A day or two before he was found injured in his New York jail cell, Jeffrey Epstein was served with legal papers in connection with a lawsuit to be brought by a woman who has accused him of having raped her when she was 15, according to court documents.
July 24 that Epstein, 66, a convicted sex offender who is charged with one count of sex trafficking conspiracy and one count of sex trafficking, had been discovered semiconscious in a fetal position, with marks on his neck, in his cell at the Metropolitan Correctional Center in Manhattan.
The New York County Sheriff’s Office said in an affidavit that it served Epstein in person with the papers on July 22.
The affidavit doesn’t specify what papers were served, but it was filed in connection with a draft lawsuit entered in state Supreme Court in New York County by Jennifer Araoz, who told this month that she was 14 years old when she was recruited outside her New York City high school to provide sexual massages for Epstein. A year later, she said, “he raped me, forcefully raped me.”
A subpoena included in the court files seeks to compel Epstein to turn over a list of all people who worked for him from 2000 through 2003, as well as logs of all people who visited him at his New York home during the same period.
The lawsuit, which for technical reasons can’t be formally filed until Aug. 14, seeks unspecified compensatory and punitive damages alleging that Epstein committed sexual assault, sexual battery and intentional and negligent infliction of emotional distress against Araoz, who is now 32.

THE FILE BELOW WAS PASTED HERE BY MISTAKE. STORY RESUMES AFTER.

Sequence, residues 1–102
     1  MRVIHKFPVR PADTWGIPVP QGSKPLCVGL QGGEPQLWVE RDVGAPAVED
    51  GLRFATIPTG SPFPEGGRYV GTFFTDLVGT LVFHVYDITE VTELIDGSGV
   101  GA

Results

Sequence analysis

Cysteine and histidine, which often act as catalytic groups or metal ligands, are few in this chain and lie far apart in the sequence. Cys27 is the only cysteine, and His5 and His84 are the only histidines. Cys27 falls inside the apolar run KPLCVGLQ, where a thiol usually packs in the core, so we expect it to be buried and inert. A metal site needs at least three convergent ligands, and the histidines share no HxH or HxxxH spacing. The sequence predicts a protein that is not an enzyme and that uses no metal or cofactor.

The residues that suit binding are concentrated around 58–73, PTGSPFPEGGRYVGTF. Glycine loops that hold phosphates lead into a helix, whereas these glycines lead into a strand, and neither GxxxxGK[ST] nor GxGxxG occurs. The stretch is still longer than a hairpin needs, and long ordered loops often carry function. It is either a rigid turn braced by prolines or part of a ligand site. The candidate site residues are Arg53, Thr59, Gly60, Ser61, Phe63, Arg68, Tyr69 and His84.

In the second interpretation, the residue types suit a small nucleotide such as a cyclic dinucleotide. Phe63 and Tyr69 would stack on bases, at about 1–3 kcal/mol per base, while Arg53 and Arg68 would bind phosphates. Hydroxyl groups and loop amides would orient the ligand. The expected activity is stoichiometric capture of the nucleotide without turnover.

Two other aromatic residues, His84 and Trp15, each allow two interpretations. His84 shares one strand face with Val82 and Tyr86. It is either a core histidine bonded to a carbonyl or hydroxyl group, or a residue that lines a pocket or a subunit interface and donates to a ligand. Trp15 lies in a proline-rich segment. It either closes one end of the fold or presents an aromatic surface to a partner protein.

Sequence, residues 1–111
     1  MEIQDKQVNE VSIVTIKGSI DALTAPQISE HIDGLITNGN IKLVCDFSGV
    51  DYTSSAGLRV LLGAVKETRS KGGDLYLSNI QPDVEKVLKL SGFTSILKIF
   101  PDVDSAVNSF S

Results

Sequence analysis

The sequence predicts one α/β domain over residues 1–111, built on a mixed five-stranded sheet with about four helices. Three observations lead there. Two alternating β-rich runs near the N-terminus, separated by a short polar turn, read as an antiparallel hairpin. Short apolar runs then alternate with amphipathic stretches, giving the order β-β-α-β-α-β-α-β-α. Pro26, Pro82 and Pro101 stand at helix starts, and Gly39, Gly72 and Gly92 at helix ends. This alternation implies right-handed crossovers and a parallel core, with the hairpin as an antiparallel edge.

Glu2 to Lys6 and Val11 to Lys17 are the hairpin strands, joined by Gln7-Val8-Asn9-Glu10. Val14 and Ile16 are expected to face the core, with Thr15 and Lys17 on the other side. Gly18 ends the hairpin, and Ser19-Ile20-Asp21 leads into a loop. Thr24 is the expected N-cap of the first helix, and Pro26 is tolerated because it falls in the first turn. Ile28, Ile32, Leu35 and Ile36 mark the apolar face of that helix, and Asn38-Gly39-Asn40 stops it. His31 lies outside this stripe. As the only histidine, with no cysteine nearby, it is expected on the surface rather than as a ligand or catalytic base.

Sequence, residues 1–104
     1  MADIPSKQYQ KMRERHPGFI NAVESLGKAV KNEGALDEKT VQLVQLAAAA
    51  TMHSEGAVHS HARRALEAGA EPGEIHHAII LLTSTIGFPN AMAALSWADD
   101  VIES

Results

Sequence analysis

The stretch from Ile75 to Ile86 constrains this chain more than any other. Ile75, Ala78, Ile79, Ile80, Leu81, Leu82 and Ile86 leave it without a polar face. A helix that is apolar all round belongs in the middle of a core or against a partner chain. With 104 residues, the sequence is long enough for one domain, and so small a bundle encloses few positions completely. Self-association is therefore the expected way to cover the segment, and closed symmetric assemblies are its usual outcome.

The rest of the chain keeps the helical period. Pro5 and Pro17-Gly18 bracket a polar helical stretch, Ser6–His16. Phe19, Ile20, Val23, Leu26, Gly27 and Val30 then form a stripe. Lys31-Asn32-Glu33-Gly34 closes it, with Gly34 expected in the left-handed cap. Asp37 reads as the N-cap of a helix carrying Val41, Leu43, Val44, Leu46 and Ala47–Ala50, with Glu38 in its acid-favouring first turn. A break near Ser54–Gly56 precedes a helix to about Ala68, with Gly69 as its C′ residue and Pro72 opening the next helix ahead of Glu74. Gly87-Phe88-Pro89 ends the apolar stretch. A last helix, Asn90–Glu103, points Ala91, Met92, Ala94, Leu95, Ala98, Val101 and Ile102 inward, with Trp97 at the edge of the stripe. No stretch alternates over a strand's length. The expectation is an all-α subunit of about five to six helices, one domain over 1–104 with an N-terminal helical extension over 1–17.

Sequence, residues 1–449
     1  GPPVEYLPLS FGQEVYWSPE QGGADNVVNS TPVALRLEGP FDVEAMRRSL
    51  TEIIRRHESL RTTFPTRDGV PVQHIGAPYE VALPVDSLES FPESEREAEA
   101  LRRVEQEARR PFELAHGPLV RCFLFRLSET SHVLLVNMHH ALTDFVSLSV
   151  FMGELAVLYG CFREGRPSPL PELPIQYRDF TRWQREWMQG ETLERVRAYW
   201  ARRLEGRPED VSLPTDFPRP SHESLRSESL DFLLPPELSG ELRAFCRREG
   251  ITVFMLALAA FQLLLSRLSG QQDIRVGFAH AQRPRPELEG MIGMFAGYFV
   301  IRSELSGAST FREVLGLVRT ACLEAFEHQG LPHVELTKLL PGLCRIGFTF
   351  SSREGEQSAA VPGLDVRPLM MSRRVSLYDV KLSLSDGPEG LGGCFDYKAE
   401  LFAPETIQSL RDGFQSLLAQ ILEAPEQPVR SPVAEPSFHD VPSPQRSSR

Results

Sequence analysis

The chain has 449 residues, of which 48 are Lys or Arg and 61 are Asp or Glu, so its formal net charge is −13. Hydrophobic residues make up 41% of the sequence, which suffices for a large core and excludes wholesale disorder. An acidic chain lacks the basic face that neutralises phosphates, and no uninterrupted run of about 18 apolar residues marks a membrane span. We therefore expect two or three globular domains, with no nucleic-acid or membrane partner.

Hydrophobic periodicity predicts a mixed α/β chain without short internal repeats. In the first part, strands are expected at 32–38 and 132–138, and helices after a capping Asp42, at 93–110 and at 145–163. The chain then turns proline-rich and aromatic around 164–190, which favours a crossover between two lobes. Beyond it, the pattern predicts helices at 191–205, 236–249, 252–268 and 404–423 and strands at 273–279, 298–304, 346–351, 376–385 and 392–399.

Epstein, a multimillionaire financier, has pleaded not guilty to the criminal charges and remains held without bail.
Three unnamed co-respondents are included with Epstein in Araoz’s lawsuit, all of whom it says are women who worked for him in New York. They are identified only as “the recruiter,” “the secretary” and “the maid.”
The suit alleges that “the recruiter” began approaching Araoz during the first semester of her freshman year, when she was 14, outside her high school. The woman told Araoz that Epstein was a “nice guy” who was very wealthy and took care of her and her family, according to the suit.
The suit alleges that the woman proposed that Araoz meet Epstein, saying it could “benefit her.” Araoz agreed, and she was eventually taken to meet Epstein at his home on East 71st Street, it says.
“The room had marble floors with extremely high ceilings, mahogany wood with deep reds, and was filled with exotic, even endangered animals, including a giraffe and other rare specimens,” it says. “There were skins covering parts of the floor with more exotic animals.”
Epstein gave Araoz $300 as a gift during that first visit, the lawsuit alleges.
Within a couple of days, “the recruiter” took Araoz back to visit Epstein, who gave her a digital camera this time, according to the lawsuit. Araoz began visiting once or twice a week, each time being given $300, the suit says.
After about a month, Araoz and Epstein met alone, the lawsuit says, alleging that he told her: “You’re beautiful,” “I’ll bet your body is incredible” and “In order to help you with your modeling career, I will need to see your body.”
The lawsuit says Araoz agreed to give Epstein a massage wearing only her underpants because “she felt intimidated” and “did as she was told.” After 20 to 25 minutes, Epstein turned over and began performing a sexual act on himself, it says.
Araoz continued to return to Epstein’s house for similar encounters, which the lawsuit characterizes as “horribly abusive sexual assaults of a child.” Over time, the encounters “became more aggressive and escalated,” continuing into the first semester of her sophomore year, it says. She would be given $300 each time, it says.
Eventually, during the fall semester of Araoz’s sophomore year, when she was 15 years old, Epstein raped her without using a condom, the lawsuit says.
Araoz, determined never to see Epstein again, transferred to a different high school, the lawsuit says.
In 2008, Epstein pleaded guilty in Florida to procuring a person younger than 18 for prostitution and felony solicitation of prostitution. He served a 13-month sentence in a Florida county jail and was granted a federal non-prosecution agreement by the office of then-U.S. attorney for Miami, Alex Acosta, who resigned as U.S. labor secretary this month as criticism of the plea agreement grew ever louder.